In my jury trial closings, I usually refer to the law instruction that the judge has given, that tells the jury, what damages to consider. It is like a scorecard for the final verdict. It outlines all the factors that go into the dollar amount of a verdict to include such things as medical expenses, loss of wages, disfigurement and pain and suffering. Mental anguish is also to be considered.
Several years ago, someone broke into our house while we were on vacation, in the Outer Banks.. When I found out, we drove home to take inventory of the items that were stolen. Some had some financial value. One thing that was stolen was my grandfather's pocket watch. Also, on the window sill upstairs, there was a footprint where the intruder had placed a ladder and forced his way into the house. Thereafter, I have never lived in a house without an alarm.
Until we moved out of the house, my wife and I never really got away from that event. In some respects, you feel violated to have someone come into your house and rummage through your things. That watch had value to me that far exceeded any financial consideration. Insurance did reimburse for the lost items but there was no value that I really could place on the feeling of that experience.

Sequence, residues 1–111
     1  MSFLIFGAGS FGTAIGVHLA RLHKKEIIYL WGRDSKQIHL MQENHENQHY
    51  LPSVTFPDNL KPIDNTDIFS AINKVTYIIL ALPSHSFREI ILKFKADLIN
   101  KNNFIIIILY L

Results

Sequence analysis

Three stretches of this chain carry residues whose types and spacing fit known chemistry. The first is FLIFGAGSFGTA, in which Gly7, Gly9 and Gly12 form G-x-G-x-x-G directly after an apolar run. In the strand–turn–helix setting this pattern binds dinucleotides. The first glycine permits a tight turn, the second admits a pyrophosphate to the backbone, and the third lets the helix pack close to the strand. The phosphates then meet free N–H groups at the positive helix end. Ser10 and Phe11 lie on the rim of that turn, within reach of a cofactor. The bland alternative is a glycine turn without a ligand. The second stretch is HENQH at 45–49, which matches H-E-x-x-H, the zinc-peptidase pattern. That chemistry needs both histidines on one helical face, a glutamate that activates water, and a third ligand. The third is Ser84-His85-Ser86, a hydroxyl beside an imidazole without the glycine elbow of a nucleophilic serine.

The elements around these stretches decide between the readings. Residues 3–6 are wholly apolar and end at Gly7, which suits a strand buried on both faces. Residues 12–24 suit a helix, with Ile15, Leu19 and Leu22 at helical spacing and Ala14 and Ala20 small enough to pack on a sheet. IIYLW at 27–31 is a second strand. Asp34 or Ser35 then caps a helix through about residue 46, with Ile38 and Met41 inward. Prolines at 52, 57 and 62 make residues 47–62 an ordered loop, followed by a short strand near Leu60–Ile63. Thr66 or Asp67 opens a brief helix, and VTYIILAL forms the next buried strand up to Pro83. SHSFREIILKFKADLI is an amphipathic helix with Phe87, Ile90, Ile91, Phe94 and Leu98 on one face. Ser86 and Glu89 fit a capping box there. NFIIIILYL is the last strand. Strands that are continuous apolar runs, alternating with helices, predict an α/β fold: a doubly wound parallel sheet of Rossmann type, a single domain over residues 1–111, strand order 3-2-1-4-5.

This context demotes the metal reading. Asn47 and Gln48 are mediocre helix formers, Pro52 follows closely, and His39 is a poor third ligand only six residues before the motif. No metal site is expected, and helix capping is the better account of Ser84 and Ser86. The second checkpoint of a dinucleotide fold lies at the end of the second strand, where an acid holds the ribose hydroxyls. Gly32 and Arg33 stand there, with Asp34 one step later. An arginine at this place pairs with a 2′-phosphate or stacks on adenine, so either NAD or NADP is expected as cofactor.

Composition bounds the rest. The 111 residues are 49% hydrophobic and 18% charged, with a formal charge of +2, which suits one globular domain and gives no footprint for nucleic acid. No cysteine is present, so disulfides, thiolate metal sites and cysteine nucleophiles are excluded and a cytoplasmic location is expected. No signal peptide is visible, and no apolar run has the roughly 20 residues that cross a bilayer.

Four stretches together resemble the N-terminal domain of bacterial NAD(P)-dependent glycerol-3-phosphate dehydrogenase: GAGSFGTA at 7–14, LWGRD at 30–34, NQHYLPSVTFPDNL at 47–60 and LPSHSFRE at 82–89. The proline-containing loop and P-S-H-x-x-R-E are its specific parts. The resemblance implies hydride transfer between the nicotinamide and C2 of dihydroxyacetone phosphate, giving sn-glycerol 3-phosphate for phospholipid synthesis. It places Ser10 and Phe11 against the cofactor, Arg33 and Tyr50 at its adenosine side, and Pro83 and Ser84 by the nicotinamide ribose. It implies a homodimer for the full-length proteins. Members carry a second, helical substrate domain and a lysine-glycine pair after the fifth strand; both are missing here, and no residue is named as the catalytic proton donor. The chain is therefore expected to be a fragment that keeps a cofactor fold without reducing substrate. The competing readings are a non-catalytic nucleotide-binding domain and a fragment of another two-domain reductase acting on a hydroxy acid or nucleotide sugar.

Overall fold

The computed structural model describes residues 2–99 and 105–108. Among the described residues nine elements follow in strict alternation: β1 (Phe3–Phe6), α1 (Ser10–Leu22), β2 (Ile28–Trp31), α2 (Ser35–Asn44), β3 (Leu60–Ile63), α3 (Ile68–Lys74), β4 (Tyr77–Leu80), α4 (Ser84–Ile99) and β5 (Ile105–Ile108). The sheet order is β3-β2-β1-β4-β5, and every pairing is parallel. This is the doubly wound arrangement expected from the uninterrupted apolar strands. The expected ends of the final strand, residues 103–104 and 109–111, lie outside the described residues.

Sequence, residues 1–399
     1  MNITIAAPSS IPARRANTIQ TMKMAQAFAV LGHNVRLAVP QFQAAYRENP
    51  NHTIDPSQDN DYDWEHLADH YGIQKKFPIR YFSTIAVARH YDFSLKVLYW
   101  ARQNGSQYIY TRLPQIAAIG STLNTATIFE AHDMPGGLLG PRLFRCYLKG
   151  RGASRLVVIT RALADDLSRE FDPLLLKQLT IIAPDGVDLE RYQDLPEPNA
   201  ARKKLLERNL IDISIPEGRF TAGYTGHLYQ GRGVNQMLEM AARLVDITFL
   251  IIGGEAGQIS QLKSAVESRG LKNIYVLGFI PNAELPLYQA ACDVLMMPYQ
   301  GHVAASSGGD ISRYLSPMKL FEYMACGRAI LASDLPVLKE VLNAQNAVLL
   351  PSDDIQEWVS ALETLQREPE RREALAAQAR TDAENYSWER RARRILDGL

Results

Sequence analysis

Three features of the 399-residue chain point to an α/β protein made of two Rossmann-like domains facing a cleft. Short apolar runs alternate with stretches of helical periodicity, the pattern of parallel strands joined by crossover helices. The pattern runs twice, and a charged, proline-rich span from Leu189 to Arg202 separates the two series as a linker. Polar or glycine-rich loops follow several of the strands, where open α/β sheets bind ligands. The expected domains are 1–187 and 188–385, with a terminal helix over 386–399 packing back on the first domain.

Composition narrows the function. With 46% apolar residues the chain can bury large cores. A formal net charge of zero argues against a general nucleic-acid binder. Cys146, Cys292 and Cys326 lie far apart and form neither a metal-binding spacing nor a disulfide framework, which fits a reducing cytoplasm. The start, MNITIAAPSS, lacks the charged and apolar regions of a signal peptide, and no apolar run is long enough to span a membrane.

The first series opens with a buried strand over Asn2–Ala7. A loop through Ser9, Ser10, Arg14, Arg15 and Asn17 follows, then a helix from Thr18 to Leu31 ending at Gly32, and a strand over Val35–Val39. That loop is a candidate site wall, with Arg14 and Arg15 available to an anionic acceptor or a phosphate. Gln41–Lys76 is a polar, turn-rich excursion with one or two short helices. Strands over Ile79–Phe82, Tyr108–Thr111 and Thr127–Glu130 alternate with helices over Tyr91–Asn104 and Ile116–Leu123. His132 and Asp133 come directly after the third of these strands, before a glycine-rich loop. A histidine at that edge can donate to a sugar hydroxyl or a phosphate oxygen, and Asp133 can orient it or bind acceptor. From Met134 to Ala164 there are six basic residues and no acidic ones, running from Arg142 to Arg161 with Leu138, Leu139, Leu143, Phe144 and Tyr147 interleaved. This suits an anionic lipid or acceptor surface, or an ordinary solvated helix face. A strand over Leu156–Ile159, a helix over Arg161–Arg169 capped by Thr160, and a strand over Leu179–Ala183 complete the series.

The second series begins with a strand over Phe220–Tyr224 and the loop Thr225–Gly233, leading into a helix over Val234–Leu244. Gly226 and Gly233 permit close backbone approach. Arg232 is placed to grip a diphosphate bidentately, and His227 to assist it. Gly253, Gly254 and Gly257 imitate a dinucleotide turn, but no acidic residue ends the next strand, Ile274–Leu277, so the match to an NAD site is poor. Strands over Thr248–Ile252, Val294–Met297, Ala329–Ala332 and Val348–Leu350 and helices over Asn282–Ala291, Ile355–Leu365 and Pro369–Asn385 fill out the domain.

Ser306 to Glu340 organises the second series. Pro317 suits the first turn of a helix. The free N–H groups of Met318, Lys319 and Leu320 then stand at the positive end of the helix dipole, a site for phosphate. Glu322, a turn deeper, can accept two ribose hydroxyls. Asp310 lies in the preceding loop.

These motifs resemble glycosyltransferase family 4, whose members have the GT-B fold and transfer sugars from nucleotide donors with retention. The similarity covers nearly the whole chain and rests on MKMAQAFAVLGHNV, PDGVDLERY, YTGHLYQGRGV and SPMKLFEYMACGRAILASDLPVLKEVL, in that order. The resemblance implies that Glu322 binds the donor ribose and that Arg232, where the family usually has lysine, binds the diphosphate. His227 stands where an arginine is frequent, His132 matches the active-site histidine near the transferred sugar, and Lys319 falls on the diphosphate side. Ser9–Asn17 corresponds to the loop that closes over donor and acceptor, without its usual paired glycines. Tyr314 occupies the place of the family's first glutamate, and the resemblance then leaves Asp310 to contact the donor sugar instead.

In a story of personal violation yesterday, Illinois man, Michael David Barrett, pleaded guilty of stalking and secretly taping ESPN reporter Erin Andrews. His plea agreement calls for 27 months of prison. He was granted bail, to come back in February for his final sentencing. It was a plea agreement that Andrews did not agree to, as the victim.
"His actions have had a devastating impact on me and my family", said Andrews. (ESPN) She said that she is constantly reminded that Barrett's videos appear online, because she is regularly subjected to cruel taunts from sports fans, while working games as a sideline reporter. She was also bothered that Judge Manuel Real granted Barrett bail. She had said that she hopes that Barrett "never sees the light of day".
Andrews plans to advocate for changes in the hotel industry that did not have precautions in place, to keep this from happening. She said that she was appalled to learn that hotels gave out information where she was staying. In addition, the emotional impact of Barrett's actions continue. "When I check into hotels, I look around, constantly thinking he is there," she said. She also says that she has nightmares about the experience.
I started this blog out to discuss mental anguish. I thought that real stories would put it into context. It has been said that many just consider it to be emotional weakness when others experience it and mental anguish when you do. It is my belief that mental anguish is probably the greatest damage that is suffered in any car crash. Unless a juror has some life experience, they probably have a hard time considering it. I rarely find a defense attorney who considers it a damage either.